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Not your average angel

By Staff
Melissa Cason
The other night I attended the Relay For Life kickoff held at First Baptist Church.
I have been a committee member for two years now, and our paper has helped sponsor the event since then as well.
Since becoming a member of the committee, Beth Faulkner with the American Cancer Society has been urging me to get a team. I always said we didn't have enough people at the paper to have a team so I'd just have contribute in other ways.
That was until this year. The theme for this year is Relay Land: Tune in for a Cure. The teams are encouraged to dress up as characters from old sitcoms and decorate their campsites to match their theme.
There are some really good ideas being bounced around by the teams. Gilligan's Island, I Love Lucy, and Happy Days are just a few themes that have already been claimed.
I was walking around minding my own business when Jennifer Swinney came up to me with an idea.
She said I could get two sidekicks and we could have our team, and our theme could be Charlie's Angels.
This idea sounded cool to me so I decided to pick up a team packet and get a team together for this year's event.
I went home and talked my husband, Jimmy, into being our Charlie, and now all I need are two sidekicks and my tiny team will be complete. Or at least, I'll have enough to have a Charlie's Angels theme.
I talked to Beth and got the information on what I need to do in order to raise money. So here I go. I am officially looking for team members to help me with this endeavor, and I have to raise at least $100.
I'm not sure what kind of fundraisers I'll do, but rest assured they will be small yet original.
I hope that some of our readers will feel compelled to join Relay for Life this year. If you are not affiliated with a team, you can join mine by calling me here at the paper.
I know some of you are thinking that times are difficult, and now is not the time to get involved. But, it really is. It's never a good time for cancer to strike. It strikes when times are good and when times are bad. Actually, it's because of the tough economic times that the Relay is so important this year.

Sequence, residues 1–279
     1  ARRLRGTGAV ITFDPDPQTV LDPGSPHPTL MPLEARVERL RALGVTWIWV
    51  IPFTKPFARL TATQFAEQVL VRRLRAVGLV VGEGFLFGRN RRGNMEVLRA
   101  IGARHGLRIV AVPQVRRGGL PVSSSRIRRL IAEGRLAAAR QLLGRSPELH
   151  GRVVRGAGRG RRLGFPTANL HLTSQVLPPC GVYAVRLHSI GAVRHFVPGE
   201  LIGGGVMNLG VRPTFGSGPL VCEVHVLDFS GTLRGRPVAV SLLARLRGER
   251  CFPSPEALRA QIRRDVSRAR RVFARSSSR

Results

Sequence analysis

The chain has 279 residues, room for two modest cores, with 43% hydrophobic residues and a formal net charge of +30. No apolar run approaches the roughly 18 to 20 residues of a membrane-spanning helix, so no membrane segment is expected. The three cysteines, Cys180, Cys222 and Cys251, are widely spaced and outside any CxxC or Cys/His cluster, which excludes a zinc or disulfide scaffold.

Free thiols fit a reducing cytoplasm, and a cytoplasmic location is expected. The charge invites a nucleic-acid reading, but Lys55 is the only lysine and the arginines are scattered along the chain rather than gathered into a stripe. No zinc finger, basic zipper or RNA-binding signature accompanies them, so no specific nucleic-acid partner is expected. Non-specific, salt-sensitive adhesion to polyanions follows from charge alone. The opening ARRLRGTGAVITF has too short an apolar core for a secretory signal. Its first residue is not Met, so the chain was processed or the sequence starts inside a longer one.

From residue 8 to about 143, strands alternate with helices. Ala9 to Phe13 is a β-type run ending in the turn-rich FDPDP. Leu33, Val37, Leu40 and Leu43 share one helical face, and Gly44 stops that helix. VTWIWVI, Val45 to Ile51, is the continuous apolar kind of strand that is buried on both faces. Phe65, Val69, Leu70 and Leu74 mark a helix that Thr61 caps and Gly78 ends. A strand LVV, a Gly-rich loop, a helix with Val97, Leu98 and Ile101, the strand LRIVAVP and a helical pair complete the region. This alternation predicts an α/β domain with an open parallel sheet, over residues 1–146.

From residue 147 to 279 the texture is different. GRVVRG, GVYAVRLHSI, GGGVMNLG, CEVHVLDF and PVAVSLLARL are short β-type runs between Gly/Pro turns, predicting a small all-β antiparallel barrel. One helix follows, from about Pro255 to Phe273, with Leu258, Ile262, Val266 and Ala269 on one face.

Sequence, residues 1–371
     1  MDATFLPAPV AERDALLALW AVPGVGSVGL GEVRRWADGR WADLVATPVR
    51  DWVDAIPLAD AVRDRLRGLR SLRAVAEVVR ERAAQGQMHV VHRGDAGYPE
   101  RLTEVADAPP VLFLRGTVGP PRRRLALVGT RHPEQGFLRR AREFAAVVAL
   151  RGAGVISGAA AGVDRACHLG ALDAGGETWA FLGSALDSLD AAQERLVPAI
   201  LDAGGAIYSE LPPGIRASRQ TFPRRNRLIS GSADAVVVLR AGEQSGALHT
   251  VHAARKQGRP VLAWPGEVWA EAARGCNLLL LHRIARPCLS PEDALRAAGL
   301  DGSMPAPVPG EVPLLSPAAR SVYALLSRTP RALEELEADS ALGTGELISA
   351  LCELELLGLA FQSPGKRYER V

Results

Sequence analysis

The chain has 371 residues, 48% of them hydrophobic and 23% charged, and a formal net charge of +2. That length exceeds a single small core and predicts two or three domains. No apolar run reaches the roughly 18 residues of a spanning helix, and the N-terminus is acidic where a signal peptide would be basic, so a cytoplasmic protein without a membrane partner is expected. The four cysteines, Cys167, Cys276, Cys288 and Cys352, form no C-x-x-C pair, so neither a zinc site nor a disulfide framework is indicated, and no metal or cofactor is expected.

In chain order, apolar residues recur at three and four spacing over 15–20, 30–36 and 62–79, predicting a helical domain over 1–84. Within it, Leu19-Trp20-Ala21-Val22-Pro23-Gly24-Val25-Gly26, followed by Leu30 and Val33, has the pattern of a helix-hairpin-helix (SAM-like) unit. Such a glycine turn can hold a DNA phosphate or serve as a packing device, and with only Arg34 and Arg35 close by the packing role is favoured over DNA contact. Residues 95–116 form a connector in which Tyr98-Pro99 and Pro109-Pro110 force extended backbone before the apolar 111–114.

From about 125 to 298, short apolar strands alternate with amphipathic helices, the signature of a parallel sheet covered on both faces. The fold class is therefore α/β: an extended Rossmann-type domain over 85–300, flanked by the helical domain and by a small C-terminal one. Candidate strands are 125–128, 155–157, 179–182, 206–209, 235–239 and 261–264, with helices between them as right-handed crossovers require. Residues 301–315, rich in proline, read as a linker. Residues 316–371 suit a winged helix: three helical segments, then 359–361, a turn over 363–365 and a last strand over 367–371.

The money raised at Relay not only funds cancer research, but it also helps the ACS provide assistance to cancer patients. Services like Hope Lodge, Road to Recovery, Look Good Feel Better and Man-to-Man are provided to patients free of charge.
Cancer is a disease that can strike any man, woman or child at any time. Nobody is immune.
It touches everyone in some way whether you had your own diagnosis or a family member or friend is fighting the disease.
While I encourage everyone to become involved with Relay, I especially encourage the survivors to get involved. You know more than anyone the damage cancer can cause.
There is a special dinner held at Relay to celebrate your survivorship. There is also a special lap at the start of Relay just for you because you are a survivor.
I know many of you out there are still fighting the disease, but you are a survivor. To be clear, a survivor is someone who has had a cancer diagnosis and is still living. If you are in treatment, you are a survivor. If you had cancer 20 years ago, but have not had a relapse, you are a survivor.
Something I find encouraging is that the survivor's lap gets bigger each year, whichis awesome.
That means more and more people are beating the disease, and that needs to be celebrated.
I am so proud that I am getting more involved with Relay this year
I may not raise much more than the $100 required, but I know that $100 will go towards helping fund the battle of this disease that affects so many.

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